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I've been studying discrete time series models for a while. I'm familiar with the usual time series models (ARMA, ARIMA, GARCH, etc.), but I want to study their continuous counterparts (CAR and CARMA processes seem very interesting) in order to implement some models to unevely spaced time series.

Despite of the above, I've been trying to find some introductions to continuous time series theory and methods as good as Brockwell & Davis (1991) book, but I couldn't find any, just some reviews here and there (specially the ones by Brockwell).

Do you have any suggestions for a good book on this topic? Thanks in advance!

PS: Please take into consideration that my background doesn't have much measure theory, and in order to read the discrete Time Series literature I had to pretty much teach myself from lecture notes and reviews I found on the web (suggestions on this topic are also welcomed!).

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  • $\begingroup$ What about Shreve's Stochastic Calculus 1 and 2? $\endgroup$ – Jen Bohold Jan 29 '14 at 17:25
  • $\begingroup$ Hi @Jen, thanks for your response: did you mean Stochastic Calculus for Finance? I haven't read it; I'll give it a try! Please, can you post your comment as an answer and, if you read it, give a small abstract of the books (like what background is needed, oriented at which careers, etc.)! $\endgroup$ – Néstor Jan 29 '14 at 17:33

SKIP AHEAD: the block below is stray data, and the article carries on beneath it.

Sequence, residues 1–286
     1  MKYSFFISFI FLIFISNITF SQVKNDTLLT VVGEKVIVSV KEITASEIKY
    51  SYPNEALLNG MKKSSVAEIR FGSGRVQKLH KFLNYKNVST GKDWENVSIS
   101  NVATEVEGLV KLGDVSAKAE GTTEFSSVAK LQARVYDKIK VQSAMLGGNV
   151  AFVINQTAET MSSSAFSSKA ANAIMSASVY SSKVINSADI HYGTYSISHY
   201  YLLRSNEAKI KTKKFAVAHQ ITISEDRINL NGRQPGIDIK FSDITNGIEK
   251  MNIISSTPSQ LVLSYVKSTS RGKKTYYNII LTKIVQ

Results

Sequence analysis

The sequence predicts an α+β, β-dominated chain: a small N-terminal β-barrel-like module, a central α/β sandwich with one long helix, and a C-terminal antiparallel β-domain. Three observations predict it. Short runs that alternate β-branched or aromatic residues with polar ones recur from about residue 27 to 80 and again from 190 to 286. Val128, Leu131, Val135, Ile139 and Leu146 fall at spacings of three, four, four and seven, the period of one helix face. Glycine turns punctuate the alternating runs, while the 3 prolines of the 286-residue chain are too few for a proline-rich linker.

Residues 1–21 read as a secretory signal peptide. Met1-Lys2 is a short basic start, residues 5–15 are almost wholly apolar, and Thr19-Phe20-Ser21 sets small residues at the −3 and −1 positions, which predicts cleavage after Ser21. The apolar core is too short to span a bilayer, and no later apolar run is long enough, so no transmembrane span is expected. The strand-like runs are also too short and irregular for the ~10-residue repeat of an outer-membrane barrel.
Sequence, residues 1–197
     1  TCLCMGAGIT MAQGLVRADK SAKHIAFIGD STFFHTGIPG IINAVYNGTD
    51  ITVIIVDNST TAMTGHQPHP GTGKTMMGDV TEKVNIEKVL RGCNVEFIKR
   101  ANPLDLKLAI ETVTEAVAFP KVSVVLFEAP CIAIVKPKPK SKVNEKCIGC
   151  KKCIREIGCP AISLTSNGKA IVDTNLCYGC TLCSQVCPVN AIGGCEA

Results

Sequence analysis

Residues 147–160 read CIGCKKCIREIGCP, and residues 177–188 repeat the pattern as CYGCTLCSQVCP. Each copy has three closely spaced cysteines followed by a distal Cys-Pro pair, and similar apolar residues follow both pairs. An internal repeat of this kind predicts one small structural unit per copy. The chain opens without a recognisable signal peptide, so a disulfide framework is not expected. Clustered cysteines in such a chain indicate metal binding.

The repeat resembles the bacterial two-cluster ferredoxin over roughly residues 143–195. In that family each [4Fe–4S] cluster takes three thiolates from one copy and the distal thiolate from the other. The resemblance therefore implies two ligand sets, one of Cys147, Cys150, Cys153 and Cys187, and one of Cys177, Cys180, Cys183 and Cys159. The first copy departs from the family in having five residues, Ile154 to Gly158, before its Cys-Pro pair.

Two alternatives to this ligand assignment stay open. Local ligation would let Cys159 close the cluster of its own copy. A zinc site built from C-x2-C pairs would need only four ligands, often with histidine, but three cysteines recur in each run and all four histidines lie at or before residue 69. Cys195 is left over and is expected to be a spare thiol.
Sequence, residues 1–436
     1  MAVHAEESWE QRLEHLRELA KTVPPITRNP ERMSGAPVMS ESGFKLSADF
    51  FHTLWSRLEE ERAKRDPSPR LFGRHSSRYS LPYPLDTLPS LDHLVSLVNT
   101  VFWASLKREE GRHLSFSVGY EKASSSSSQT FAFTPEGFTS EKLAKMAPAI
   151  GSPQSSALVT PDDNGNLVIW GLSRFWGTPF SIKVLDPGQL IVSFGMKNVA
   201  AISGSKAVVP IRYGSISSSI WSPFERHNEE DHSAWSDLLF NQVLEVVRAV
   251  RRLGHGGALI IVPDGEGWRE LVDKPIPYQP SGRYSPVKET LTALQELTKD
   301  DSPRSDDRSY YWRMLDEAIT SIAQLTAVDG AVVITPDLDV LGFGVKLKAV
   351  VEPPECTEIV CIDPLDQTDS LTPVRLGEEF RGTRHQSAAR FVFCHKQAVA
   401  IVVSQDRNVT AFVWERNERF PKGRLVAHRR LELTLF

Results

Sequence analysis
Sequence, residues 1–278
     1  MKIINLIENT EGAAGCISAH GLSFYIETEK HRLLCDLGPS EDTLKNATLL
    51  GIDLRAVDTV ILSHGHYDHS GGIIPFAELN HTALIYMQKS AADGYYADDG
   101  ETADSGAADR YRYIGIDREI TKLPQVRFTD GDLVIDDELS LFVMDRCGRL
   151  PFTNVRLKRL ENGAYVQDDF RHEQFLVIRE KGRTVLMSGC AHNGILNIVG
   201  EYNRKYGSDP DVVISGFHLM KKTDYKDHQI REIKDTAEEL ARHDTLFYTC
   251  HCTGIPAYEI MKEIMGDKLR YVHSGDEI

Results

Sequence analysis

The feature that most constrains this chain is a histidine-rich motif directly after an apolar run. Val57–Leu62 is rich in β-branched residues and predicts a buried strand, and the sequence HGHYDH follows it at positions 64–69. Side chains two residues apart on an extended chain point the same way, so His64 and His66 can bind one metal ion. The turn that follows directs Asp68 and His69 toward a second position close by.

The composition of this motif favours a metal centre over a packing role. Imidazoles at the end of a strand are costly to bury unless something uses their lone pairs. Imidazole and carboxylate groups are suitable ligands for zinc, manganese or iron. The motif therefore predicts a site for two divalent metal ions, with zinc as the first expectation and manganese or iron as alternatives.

• $\begingroup$ Yes. Well, I am not reading it.... I just know that these are standard books for Master/PhD students and I think an advanced level of mathematics is needed. Since I did not read it by myself, I will not post it as an answer, since I cannot evaluate if it has an value added for you or not. It just came up to my mind when I read your post and thought it might relate to you. $\endgroup$ – Jen Bohold Jan 30 '14 at 14:37
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    $\begingroup$ But the level of measure theory will not be so high. Since also finance students from non-math faculties read it. So it should be appropriate, if you teach yourself the necessary math. $\endgroup$ – Jen Bohold Jan 30 '14 at 14:38
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For the interested reader, I bought Introduction to Stochastic Processes, Second Edition by Gregory F. Lawler. I found it to be a very gentle introduction to time-continuous and discrete stochastic proccesess, open for a wide audience of graduate or advanced undergraduate students :-).

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